Ever heard of that term? It refers to the fear of being out of mobile phone contact. I’m sure that doesn’t sound new to any of us. Whether it’s the agitation we feel when we have spotty reception and battery issues, or the outright panic that besets us when we can’t find our phones, a lot of us probably experience this phobia one way or another.
It’s interesting to note that this term was first coined back in 2008, when people were only starting to get used to navigating their first generation iPhones via touch controls. A study conducted by the U.K. Post Office revealed that an estimated 53% of mobile phone users in Britain experience nomophobia, leading experts to conclude that this “may be the 21st century’s contribution to our already hectic lives”.
Fast forward to 2012, when a similar survey conducted by SecurEnvoy showed that the percentage of nomophobics in the U.K. had risen to 66%, with people checking their phones an average of 34 times a day. A Baylor University study conducted by James Roberts, Ph.D., unearthed even more staggering numbers, showing that young adults check their phones about 60 times on an average day.
Yes, smartphones are the 21st century narcotic, so much so that California’s Morningside Recovery Center has initiated the first rehab group for those struggling with phone addiction issues. It might sound ludicrous at first, but think about it: how dependent are you on your smartphone? Can you imagine going a day without it? How about a week?
Take a look at the pie chart above. This study by Flurry Analytics revealed that the U.S. consumer spends an average of 2 hours and 38 minutes per day on smartphones and tablets. That isn’t necessarily a bad thing, since we do also use our devices for work and research. But check it out—productivity and news apps account for a measly 2% each, amounting to just under seven minutes of productive phone use. Of course, this doesn’t reflect the usage of those who actually utilize their smartphones as business phones (read more).
Running from the Angry Birds with Candy
You might’ve thought that social networking would account for the biggest chunk of time spent on smartphones; I know I did. Then I figured, given the 140-character Tweets and Facebook’s compressed News Feed, you only really need a couple of minutes to check what’s happening to your friends online. When it comes to games though, it’s so easy to lose track of how much time you’re spending—ahem, wasting—running through temple ruins or wiping out those pesky pigs. I must confess to staying up way past my bedtime as I try to strategize my way up the increasingly difficult levels of Candy Crush.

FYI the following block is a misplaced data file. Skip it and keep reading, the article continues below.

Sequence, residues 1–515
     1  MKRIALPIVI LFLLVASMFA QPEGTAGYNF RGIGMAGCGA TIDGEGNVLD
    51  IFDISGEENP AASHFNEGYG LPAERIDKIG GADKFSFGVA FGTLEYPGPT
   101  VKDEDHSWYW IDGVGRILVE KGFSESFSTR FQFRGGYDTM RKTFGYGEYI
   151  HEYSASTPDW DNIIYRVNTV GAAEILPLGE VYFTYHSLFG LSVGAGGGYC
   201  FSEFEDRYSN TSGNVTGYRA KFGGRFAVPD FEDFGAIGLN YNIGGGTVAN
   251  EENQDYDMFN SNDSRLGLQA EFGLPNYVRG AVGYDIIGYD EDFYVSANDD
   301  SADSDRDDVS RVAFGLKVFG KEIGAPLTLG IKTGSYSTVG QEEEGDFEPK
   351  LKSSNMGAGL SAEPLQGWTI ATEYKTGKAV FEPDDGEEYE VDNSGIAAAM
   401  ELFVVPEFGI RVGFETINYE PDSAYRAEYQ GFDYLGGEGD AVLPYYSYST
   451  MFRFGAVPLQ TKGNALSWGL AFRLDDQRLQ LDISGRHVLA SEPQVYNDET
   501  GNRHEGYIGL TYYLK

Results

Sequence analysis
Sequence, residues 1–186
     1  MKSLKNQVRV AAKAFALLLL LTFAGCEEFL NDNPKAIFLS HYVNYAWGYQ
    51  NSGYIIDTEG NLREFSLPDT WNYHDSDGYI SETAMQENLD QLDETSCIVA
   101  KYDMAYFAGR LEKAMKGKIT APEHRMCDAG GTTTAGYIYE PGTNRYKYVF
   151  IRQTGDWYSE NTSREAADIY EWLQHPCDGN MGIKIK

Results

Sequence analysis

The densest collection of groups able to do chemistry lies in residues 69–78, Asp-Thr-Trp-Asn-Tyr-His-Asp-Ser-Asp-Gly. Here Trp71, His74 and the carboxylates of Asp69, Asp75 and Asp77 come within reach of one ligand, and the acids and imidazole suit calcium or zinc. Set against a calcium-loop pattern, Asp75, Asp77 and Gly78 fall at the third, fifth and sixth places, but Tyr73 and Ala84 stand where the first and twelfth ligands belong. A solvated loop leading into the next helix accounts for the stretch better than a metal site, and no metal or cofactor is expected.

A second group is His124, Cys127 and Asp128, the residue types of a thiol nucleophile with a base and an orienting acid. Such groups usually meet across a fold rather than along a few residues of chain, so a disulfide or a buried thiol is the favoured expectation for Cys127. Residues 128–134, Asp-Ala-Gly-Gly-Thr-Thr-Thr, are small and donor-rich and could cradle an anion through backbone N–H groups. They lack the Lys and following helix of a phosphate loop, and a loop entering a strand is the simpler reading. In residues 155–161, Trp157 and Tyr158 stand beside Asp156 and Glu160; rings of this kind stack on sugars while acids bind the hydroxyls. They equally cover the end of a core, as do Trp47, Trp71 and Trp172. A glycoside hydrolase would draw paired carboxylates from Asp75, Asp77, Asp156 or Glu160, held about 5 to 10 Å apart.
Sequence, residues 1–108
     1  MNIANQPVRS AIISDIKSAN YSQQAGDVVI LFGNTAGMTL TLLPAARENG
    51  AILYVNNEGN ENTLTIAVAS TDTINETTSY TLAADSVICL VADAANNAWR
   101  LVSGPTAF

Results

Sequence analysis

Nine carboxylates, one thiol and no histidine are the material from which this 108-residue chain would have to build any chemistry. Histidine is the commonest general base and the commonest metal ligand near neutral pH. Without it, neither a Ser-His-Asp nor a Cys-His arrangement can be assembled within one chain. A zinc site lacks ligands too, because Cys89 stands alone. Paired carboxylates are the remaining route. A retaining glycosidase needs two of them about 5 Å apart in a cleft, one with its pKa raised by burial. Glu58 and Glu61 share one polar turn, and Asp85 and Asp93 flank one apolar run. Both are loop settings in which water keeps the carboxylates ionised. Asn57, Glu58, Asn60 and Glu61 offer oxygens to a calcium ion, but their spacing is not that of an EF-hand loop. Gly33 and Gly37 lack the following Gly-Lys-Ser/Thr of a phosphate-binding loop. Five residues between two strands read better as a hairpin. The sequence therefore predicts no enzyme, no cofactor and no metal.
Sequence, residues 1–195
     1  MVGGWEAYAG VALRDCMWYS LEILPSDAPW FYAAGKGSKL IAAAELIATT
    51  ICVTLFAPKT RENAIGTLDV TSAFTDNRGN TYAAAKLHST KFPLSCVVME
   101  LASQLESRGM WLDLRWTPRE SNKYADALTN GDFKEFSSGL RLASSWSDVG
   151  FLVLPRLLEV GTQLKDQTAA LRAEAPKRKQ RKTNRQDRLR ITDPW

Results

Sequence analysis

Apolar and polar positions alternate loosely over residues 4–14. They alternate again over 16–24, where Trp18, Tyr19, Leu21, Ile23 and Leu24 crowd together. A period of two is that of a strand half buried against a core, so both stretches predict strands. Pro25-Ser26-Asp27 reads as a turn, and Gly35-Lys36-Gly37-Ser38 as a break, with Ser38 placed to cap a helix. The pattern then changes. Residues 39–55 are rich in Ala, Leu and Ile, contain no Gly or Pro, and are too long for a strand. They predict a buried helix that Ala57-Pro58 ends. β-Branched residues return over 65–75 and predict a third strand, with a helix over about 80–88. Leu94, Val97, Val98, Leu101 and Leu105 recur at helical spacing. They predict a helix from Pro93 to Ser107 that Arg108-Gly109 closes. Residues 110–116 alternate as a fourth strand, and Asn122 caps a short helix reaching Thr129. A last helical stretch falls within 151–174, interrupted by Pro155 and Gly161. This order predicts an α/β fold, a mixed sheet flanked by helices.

For some, like me, these games started out as ways to pass the time while standing in line or waiting for the next flight. But if you’re not mindful, you’ll slowly get pulled into the gaming quicksand, and you’ll have nothing to show for those fifty minutes other than a (hopefully) high score on the Game Center boards.
The World of Facebook
Those who are up-to-date on all things techy might be familiar with Facebook Home, the new, Facebook-centric software for Android smartphones. It’s basically their attempt to keep you even more immersed in this virtual community, putting all your updates and messages right in your home screen. Zuckerberg rationalizes that Facebook is the one app that people use the most, so why not make it more accessible?
Well, going back to the pie chart, you’ll see that he did have it right—Facebook commands so much of our time that it’s in a separate category of its own. Flurry explains that most users access web content like links and articles straight from the Facebook app, effectively making it a browser of its own. But do we really need more Facebook? It’s practically become our primary source of communication, especially coupled with Twitter. Sure, that’s fine and dandy when keeping in touch with family and friends abroad. What about those who are within our reach? I can’t count the number of times I’ve been out with friends only to find us sitting quietly at our table, each tapping away at our respective devices. Is this what our relationships have whittled down to—likes and shares and comments?
With all the new technology being developed to bring us more and more into the digital/virtual world, now might be a good idea to step back and think about our habits as consumers. Just taking a couple of minutes off our devices could allow us to concentrate on things that really matter, like exercise and actual contact with people. Think about it, should we let our smartphones consume us, instead of the other way around?